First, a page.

Vegetables should be introduced to bunnies around 12 weeks of age, in small quantities and one at a time. As more vegetable are added watch for diarrhoea and discontinue the most recently added vegetable if this occurs. Over time, the amount of vegetables fed is increased, and the amount of pellets decreased, so that by 1 year of age the adult feeding recommendations are followed. This should be unlimited hay, followed by vegetables, and supplemented with pellets. A small amount of fruit can be given for treats, along with other rabbit treats available from pet stores. Some interesting treats or chews your rabbit may like are apple tree twigs (check for pesticides), wood, cardboard, or willow baskets.


Sexually mature at 5-8 months, the young doe should be mtroduced into the buck’s hutch at 8-9 months (not vice versa as she is rather territorial). Pelvic bones harden- and so it is important for a doe to have her first litter whilst young. A doe’s oestrus cycle is 16 days and gestation takes 30 days. For several days before and after birth it is important not to disturb the doe. However, she will re-mate within a day or so of birth. Fresh straw and a dry nest box is important and can be given when you notice the doe begin to pull hair away from her nipples to expose them and use it to line the nest. The young must not be exposed to bright light (sensitive eyes) but can be weaned at 6-8 weeks. They will drink 1:1 water:milk and eat pellets.


Pick up gently but firmly by the scruff of the neck and support the hind legs. Rabbits will not usually urinate while held, but may scratch or even bite if insecure. Rabbits may bite or lick, as they like the salt in our skin. This can be reduced with a salt or mineral lick stone. Toenails may need an occasional clipping but rabbits clean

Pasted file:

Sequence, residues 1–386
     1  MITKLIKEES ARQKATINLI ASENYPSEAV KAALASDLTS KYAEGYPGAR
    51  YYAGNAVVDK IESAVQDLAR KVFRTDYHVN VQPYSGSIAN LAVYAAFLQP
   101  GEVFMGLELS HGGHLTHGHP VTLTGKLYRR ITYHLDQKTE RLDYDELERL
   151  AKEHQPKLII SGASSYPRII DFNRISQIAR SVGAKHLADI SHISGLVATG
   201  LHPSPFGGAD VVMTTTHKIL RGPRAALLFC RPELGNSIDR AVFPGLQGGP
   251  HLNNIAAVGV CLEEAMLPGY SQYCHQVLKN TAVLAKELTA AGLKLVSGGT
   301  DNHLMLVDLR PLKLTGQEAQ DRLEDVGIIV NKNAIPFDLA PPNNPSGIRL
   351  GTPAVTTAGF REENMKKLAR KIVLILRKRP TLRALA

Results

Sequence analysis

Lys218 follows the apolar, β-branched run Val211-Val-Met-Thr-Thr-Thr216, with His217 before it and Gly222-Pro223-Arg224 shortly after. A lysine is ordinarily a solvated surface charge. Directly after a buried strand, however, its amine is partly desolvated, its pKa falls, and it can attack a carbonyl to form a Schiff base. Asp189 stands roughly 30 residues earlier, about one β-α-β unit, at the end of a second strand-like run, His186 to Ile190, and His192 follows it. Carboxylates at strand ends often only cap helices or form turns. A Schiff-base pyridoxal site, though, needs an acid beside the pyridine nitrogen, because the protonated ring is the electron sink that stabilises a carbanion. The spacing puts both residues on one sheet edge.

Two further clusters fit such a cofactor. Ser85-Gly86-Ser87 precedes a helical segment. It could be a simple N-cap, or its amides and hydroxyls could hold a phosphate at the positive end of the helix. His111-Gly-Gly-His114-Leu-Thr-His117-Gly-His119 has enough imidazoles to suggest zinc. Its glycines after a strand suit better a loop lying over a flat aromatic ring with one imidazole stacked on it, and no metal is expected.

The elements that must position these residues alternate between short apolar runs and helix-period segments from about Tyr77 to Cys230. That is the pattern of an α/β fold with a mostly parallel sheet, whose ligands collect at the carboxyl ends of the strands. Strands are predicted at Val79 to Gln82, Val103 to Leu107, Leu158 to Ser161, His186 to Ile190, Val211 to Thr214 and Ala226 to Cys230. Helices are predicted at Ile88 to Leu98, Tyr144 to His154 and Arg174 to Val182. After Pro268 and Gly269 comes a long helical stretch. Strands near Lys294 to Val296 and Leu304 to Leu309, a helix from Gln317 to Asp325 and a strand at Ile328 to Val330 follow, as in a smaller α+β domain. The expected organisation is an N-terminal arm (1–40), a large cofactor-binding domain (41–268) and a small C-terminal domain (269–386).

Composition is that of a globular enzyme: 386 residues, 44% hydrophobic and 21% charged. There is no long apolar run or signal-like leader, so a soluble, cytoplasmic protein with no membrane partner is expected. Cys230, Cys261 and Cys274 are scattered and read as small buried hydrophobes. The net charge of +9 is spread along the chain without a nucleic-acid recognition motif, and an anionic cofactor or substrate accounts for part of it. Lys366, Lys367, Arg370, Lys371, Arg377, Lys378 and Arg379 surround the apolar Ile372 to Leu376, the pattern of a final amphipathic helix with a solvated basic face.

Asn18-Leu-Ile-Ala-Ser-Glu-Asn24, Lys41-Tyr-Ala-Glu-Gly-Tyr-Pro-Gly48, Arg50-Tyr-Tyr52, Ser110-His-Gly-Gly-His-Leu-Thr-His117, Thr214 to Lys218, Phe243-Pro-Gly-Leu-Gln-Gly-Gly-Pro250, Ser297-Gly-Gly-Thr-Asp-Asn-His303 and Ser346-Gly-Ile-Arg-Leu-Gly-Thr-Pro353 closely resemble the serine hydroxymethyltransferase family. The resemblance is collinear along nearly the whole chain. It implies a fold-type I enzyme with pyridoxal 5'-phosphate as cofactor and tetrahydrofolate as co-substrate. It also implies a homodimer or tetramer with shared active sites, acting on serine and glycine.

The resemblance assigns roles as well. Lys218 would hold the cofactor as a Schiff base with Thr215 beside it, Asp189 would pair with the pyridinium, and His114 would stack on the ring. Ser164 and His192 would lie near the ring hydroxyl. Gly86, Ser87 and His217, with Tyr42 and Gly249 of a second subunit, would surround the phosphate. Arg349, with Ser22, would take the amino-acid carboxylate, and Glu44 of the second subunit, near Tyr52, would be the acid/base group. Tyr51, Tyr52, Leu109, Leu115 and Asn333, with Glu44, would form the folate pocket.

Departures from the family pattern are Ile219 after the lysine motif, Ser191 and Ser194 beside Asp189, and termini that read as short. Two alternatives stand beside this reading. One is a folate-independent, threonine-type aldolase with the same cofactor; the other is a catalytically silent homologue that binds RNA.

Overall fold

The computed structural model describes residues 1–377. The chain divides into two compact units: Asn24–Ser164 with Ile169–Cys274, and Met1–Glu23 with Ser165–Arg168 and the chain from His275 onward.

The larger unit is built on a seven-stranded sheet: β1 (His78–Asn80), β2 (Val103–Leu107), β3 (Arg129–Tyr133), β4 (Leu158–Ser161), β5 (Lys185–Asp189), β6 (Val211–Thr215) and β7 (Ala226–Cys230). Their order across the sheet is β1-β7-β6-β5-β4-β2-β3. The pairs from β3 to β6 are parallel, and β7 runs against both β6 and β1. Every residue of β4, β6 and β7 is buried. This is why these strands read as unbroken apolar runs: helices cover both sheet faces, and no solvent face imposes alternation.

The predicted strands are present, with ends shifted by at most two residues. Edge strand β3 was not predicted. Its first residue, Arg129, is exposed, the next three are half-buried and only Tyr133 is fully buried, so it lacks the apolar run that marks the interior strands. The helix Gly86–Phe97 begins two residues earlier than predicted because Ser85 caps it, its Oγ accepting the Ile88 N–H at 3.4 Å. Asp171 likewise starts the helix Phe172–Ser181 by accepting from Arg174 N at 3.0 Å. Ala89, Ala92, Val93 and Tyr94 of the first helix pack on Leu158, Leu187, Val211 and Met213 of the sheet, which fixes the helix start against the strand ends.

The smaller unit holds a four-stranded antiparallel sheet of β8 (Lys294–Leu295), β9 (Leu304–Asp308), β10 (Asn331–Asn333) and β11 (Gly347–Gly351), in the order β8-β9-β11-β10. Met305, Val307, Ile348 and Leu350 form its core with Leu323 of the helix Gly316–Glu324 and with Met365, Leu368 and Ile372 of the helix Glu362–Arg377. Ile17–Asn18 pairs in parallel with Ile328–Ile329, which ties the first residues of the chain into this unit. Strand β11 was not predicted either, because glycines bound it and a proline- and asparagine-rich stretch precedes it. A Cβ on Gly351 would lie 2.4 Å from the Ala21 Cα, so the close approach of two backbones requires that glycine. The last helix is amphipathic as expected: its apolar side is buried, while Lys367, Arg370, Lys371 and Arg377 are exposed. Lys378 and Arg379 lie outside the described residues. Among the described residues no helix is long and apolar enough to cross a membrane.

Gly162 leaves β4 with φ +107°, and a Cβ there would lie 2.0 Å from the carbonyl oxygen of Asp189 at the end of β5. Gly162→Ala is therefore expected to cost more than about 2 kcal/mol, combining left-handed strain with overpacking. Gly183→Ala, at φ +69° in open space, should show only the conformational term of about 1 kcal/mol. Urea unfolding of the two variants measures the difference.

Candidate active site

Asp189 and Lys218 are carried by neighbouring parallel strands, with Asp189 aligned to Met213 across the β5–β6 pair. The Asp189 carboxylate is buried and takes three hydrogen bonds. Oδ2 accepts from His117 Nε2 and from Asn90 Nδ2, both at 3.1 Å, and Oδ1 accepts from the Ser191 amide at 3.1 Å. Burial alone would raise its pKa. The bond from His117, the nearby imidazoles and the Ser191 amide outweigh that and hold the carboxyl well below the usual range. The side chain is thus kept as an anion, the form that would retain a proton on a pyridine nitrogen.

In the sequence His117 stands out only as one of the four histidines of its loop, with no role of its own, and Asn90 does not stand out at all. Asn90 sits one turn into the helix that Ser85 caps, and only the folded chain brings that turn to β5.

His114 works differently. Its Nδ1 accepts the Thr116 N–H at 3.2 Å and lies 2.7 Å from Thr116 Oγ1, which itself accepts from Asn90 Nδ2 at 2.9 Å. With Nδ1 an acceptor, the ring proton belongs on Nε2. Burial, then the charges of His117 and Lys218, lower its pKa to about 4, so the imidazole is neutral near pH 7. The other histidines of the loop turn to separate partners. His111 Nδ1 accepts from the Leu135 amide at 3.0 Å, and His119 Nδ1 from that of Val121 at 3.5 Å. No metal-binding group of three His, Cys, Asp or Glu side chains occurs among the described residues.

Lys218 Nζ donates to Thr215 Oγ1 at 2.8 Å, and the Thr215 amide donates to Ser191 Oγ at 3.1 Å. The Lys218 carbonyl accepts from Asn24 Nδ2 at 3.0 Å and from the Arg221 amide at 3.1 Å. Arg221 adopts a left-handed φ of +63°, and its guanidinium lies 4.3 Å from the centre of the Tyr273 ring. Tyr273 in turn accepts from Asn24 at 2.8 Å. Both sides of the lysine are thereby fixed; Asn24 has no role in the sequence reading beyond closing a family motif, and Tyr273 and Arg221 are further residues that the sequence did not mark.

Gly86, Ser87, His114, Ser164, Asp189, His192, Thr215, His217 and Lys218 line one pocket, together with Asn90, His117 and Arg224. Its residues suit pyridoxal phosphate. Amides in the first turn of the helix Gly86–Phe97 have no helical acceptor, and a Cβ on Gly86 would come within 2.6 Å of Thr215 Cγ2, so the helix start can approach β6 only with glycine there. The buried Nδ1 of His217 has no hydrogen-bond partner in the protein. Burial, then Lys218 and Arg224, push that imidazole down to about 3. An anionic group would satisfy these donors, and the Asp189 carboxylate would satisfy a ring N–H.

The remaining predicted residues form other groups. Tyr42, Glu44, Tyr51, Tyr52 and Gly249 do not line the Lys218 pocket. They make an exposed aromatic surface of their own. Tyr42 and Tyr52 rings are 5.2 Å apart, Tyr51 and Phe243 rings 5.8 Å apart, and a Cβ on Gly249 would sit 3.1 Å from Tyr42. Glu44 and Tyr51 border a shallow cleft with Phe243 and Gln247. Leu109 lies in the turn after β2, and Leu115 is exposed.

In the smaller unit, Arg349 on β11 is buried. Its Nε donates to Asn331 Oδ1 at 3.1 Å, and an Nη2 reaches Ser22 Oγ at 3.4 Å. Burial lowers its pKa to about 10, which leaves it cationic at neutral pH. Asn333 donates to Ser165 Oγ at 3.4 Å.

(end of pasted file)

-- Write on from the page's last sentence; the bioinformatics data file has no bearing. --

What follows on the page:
themselves regularly. You can still groom your rabbit regularly to keep them looking good, especially long haired breeds. Also, you can get a harness for your rabbit from most pet stores. This is handy when walking, or taking your rabbit somewhere.


Rabbits come in an amazing array of breeds with different colours, sizes, shapes and coat types. The subtle differences between breeds will be of most interest to those who show their bunnies. Still, for those choosing a pet rabbit, it is important to consider breed characteristics, especially size and coat type. Rabbits vary in size from the smaller dwarf breeds (at under 2.5 Ibs) to some of the giant breeds (sizes up to 16 pounds). Owners also need to be aware that the longer coated breeds need daily grooming.

Life expectancy varies from breed to breed, anywhere from 5 to 15 years. As a general rule, the larger breeds live longer.